Proofreading the book of life: Gene editing made safer | 2/21/2019 | Staff
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The advance of science is something like the wandering of an explorer through an uncharted jungle. Often, the dense undergrowth can seem impenetrable, but at certain privileged moments, a clearing opens, and an entirely new landscape emerges.

Something like this is occurring in the field of biology with the recent discovery of powerful techniques for intervening in the genetic code of life. A new method for editing genes with the ease of a computer's cut-and-paste functions may prove more momentous than the splitting of the atom and represents a major advance in the war against deadly diseases.

Breakthrough—known - CRISPR—has - Optimism - Apprehension

The breakthrough—known as CRISPR—has been greeted with ecstatic optimism and grave apprehension.

In research appearing in the advanced online edition of the journal Nature Communications, Karen Andersen, Samira Kiani and their colleagues at Arizona State University describe a method of rendering the gene editing tool CRISPR-Cas9 "immunosilent," potentially allowing the editing and repair of genes to be accomplished reliably and stealthily.

Study - Binding - Sites - Epitopes - Recognition

The study is the first to accurately predict the dominant binding sites or epitopes responsible for immune recognition of the Cas9 protein and experimentally target them for modification. The findings bring CRISPR a step closer to safe, clinical application.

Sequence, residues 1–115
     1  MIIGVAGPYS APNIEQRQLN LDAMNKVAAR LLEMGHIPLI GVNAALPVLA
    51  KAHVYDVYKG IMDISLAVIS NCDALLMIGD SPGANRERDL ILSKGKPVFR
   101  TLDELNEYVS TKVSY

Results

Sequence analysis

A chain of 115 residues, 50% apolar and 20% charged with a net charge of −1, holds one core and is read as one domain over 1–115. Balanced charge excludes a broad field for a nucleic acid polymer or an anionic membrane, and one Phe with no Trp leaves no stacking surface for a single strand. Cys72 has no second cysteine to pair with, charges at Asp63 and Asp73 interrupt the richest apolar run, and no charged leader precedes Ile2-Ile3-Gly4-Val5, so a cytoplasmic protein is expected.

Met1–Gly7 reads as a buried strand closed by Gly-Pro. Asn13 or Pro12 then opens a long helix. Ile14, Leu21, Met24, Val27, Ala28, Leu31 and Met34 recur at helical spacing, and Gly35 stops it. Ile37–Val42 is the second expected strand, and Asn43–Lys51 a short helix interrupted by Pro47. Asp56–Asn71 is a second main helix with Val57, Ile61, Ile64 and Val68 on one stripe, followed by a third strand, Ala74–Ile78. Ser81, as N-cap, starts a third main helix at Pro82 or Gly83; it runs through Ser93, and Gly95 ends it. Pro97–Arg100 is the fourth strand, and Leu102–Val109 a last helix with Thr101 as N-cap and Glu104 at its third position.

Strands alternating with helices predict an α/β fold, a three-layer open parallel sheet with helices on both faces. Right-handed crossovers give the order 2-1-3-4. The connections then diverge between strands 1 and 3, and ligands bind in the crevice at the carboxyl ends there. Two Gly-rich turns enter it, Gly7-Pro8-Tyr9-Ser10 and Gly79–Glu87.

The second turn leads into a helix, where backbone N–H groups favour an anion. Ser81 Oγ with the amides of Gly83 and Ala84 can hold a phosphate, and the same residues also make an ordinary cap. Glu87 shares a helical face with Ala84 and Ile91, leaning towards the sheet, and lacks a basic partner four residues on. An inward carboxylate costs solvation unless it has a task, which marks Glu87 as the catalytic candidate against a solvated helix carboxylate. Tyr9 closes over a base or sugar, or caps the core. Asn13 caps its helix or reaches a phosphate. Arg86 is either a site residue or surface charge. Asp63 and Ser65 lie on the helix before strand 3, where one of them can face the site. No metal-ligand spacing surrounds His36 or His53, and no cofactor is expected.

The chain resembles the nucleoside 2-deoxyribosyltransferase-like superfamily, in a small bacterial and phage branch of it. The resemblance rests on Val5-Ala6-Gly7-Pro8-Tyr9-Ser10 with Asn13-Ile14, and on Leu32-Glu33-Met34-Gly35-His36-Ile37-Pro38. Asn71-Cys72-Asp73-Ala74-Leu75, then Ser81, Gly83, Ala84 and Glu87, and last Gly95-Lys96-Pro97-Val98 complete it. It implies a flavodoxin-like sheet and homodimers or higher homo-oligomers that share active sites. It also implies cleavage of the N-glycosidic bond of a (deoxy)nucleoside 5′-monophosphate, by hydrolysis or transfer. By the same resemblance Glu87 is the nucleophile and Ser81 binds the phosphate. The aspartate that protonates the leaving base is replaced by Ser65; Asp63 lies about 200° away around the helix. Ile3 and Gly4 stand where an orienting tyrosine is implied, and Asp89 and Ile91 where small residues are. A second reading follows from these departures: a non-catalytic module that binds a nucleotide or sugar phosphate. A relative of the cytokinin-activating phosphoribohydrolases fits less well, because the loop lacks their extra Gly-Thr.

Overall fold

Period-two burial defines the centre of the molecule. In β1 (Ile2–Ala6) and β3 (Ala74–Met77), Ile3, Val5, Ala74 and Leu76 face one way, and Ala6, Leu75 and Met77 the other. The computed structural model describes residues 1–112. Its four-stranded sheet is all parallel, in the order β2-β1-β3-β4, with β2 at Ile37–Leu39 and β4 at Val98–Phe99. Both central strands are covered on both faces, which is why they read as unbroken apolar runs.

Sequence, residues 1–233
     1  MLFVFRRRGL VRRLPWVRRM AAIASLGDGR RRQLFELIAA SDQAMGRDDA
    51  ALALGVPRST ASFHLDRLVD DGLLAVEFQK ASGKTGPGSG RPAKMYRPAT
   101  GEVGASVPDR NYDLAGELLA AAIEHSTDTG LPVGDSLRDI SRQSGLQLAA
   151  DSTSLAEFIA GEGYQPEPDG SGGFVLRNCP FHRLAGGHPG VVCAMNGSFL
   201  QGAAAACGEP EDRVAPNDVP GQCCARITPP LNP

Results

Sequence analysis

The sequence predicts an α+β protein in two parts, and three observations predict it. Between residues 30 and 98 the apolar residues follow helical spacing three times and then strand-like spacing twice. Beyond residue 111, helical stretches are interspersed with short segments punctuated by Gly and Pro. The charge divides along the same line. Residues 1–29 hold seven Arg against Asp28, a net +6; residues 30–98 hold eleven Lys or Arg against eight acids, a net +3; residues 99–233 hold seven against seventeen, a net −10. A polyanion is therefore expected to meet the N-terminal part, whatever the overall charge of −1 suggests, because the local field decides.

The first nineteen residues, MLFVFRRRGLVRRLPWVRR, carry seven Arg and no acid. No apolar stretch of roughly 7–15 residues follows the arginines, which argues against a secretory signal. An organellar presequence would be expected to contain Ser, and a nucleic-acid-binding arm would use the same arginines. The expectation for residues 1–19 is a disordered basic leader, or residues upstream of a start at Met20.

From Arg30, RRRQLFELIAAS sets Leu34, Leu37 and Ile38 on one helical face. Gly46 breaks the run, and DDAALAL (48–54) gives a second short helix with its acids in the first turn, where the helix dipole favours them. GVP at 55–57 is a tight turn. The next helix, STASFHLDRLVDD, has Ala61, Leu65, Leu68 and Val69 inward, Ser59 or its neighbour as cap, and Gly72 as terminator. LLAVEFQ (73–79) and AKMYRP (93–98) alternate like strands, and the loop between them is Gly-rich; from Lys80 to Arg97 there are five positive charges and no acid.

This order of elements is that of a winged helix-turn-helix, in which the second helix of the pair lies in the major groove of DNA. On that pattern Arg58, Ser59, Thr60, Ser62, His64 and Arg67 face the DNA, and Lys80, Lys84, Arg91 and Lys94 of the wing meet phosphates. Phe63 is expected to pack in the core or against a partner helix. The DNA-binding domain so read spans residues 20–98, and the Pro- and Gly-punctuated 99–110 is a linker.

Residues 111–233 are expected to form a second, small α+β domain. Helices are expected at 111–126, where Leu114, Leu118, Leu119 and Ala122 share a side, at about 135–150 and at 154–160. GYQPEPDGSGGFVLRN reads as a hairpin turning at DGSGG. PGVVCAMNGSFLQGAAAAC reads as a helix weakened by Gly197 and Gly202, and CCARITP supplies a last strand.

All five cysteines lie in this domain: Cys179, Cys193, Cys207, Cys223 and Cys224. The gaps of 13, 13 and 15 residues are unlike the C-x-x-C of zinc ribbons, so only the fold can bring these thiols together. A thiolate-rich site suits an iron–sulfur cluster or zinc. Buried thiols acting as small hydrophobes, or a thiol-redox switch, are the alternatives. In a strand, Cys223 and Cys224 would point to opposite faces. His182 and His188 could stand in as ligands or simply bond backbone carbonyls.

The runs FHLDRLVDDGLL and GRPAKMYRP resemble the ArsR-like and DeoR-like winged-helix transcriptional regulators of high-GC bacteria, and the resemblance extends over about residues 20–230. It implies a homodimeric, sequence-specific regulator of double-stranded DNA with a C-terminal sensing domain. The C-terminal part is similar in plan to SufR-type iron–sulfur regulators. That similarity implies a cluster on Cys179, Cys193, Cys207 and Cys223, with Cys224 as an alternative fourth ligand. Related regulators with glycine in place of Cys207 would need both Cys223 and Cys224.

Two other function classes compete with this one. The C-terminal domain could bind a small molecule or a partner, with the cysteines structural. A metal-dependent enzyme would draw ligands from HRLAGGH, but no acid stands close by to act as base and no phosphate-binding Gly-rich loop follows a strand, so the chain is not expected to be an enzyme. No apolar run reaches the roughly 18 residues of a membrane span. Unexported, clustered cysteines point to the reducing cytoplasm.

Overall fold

Anderson is a professor in the Biodesign Virginia G. Piper Center for Personalized Diagnostics and ASU's School of Life Sciences. She is also associate professor of medicine at the Mayo Clinic Arizona. Kiani recently joined the Biodesign Institute in addition to her appointments at ASU's School of Life Sciences and the School of Biological and Health Systems Engineering. Her research interests include the use of synthetic biology methods to improve CRISPR safety.

Team - Researchers - Osaka - Japan - Something

Back in 1987, a team of researchers in Osaka, Japan found something peculiar. Identical genetic sequences appeared to be cropping up repeatedly in the bacterial genome of E. coli. These palindromic sequences were separated by abbreviated snippets...
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